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Of providence.

Be not surprised if other animals have all things necessary to the body ready provided for them, not only meat and drink, but lodging; if they want neither shoes nor bedding nor clothes, while we stand in need of all these. For they not being made for themselves, but for service, it was not fit that they should be so formed as to be waited on by others. For consider what it would be for us to take care, not only for ourselves, but for sheep and asses too,- how they should be clothed, how shod, and how they should eat and drink. But as soldiers are furnished ready for their commander, shod, clothed, and armed, - for it would be a grievous thing for a colonel to be obliged to go through his regiment to put on their clothes, - so nature has furnished these useful animals, ready provided, and standing in need of no fur- [p. 1057] ther care; so that one little boy, with only a crook, drives a flock.

But we, instead of being thankful for this, complain of God that there is not the same kind of care taken of us likewise; and yet, good Heaven! any one thing in the creation is sufficient to demonstrate a Providence, to a humble and grateful mind. Not to instance great things, the mere possibility of producing milk from grass, cheese from milk, and wool from skins,- who formed and planned this? No one, say you. O surprising irreverence and dulness! But come, let us omit the primary works of nature; let us contemplate her merely incidental traits. What is more useless than the hairs upon one's chin? And yet has she not made use even of these, in the most becoming manner possible? Has she not by these distinguished the sexes? Does not nature in each of us call out, even at a distance, I am a man; approach and address me as such; inquire no further; see the characteristic? On the other hand, with regard to women, as she has mixed something softer in their voice, so she has deprived them of a beard. But no; [some think] this living being should have been left undistinguished, and each of us should be obliged to proclaim, " I am a man ! " But why is not this characteristic beautiful and becoming and venerable? How much more beautiful than the comb of cocks; how much more noble than the mane of lions! Therefore we ought to preserve the characteristics made by the [p. 1058] Creator; we ought not to reject them, nor confound, as much as in us lies, the distinct sexes.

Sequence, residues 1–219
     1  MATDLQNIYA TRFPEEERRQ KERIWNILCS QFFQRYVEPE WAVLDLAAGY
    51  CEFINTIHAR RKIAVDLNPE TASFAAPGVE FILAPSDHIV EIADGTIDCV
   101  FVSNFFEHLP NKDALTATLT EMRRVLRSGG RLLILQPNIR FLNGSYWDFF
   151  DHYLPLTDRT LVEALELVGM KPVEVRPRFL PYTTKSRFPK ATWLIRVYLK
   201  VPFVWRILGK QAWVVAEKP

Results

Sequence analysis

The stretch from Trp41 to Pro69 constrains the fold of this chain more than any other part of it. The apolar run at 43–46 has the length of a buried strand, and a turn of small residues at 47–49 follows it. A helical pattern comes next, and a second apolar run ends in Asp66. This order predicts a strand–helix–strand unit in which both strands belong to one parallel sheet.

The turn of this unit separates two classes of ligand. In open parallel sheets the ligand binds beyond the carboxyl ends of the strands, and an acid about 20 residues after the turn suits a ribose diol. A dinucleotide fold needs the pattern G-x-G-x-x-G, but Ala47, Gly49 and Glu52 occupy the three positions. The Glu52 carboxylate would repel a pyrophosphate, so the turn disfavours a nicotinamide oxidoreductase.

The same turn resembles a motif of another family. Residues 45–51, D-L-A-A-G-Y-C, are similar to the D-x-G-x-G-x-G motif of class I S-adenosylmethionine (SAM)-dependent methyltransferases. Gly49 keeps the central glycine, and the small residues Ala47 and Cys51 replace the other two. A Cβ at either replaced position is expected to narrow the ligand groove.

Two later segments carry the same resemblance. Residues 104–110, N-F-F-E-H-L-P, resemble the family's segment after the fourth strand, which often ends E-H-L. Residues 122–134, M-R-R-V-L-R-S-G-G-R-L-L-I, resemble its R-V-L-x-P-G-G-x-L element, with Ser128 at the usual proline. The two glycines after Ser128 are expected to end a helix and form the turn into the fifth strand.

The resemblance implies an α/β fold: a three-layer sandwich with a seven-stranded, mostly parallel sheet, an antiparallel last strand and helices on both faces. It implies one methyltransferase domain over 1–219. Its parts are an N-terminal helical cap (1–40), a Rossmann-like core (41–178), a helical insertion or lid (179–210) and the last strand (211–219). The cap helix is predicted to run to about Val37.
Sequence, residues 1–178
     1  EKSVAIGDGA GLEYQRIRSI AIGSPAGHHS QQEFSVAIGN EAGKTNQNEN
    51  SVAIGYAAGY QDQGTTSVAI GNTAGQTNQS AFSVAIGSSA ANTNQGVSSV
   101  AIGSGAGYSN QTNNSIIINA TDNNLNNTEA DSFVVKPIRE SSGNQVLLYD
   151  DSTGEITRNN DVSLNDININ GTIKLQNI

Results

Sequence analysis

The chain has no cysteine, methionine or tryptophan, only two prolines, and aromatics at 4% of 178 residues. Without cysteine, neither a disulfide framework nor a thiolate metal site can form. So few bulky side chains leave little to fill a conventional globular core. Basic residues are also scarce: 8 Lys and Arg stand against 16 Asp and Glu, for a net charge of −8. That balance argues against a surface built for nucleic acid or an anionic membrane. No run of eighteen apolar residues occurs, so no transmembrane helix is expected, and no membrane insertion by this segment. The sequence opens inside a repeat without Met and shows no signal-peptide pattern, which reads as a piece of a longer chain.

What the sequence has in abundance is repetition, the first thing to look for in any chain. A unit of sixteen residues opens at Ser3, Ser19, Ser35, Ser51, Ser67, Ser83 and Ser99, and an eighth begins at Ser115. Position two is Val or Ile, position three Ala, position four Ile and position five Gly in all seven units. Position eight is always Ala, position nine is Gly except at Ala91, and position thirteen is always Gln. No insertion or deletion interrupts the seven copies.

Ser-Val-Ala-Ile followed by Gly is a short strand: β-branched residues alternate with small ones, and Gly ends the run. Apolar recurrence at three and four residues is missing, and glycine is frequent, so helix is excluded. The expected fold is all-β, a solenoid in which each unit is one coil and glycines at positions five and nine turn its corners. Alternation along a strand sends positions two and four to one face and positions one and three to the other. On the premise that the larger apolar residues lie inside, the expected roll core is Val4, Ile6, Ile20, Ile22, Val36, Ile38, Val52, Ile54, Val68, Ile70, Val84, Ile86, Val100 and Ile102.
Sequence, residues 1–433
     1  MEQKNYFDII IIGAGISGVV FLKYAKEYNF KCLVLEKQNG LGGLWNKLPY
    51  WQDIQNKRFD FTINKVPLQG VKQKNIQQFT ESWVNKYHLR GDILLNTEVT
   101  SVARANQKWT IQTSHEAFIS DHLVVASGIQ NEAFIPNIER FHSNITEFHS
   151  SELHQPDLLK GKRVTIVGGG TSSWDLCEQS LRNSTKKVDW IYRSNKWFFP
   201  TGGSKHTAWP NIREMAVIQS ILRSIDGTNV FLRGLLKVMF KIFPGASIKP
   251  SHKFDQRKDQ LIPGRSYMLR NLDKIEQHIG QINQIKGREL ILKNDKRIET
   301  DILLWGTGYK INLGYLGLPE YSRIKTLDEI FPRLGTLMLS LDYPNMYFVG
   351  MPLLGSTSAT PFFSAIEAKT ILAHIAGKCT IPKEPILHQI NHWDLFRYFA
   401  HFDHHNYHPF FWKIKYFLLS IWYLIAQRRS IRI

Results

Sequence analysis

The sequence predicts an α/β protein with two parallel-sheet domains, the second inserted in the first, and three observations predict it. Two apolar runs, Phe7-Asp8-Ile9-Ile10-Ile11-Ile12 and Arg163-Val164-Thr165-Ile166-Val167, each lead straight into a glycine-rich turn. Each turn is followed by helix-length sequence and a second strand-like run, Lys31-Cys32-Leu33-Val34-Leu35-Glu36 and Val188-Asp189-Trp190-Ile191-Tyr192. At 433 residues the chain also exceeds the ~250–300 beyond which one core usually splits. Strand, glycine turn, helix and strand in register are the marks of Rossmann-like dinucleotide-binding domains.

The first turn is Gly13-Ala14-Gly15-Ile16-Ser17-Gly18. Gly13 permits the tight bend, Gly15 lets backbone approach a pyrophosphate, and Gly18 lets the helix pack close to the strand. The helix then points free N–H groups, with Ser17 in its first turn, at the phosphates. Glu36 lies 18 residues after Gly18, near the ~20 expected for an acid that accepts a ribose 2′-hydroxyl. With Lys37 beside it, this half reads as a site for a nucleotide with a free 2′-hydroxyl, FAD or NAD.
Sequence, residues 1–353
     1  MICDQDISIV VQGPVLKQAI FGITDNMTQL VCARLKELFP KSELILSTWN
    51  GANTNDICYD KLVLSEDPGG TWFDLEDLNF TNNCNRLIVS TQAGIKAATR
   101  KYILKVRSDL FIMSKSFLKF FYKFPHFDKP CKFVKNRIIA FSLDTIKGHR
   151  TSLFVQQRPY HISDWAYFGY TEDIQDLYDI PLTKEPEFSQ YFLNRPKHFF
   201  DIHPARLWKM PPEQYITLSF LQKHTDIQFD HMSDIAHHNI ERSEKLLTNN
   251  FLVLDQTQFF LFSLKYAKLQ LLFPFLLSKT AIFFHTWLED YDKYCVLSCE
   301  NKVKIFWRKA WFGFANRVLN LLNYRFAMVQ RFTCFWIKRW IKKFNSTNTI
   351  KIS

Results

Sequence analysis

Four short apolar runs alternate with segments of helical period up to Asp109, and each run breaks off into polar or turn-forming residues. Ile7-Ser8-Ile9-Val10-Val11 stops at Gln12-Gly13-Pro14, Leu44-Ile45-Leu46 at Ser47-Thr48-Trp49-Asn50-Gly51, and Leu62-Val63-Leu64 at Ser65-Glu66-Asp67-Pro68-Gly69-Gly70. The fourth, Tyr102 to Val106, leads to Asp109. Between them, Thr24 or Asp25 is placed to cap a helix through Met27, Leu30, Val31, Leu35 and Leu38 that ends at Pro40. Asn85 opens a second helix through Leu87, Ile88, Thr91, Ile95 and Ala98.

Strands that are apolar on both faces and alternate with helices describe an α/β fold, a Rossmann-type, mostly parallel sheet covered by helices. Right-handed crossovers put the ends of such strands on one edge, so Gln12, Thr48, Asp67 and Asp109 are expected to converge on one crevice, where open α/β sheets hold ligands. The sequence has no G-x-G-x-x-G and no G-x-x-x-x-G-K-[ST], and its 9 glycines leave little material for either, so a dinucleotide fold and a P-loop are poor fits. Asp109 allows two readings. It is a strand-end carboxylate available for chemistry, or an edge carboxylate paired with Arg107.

Are these the only works of Providence with regard to us? And what speech can fitly celebrate their praise? For, if we had any understanding, ought we not, both in public and in private, incessantly to sing and praise the Deity, and rehearse his benefits? Ought we not, whether we dig or plough or eat, to sing this hymn to God, - Great is God, who has supplied us with these instruments to till the ground; great is God, who has given us hands and organs of digestion; who has given us to grow insensibly, to breathe in sleep? These things we ought forever to celebrate; and to make it the theme of the greatest and divinest hymn, that he has given us the power to appreciate these gifts, and to use them well. But because the most of you are blind and insensible, there must be some one to fill this station, and lead, in behalf of all men, the hymn to God; for what else can I do, a lame old man, but sing hymns to God? Were I a nightingale, I would act the part of a nightingale were I a swan, the part of a swan; but since I am a reasonable creature, it is my duty to praise God. This is my business; I do it; nor will I ever desert this post, so long as it is permitted me; and I call on you to join in the same song. [p. 1059]


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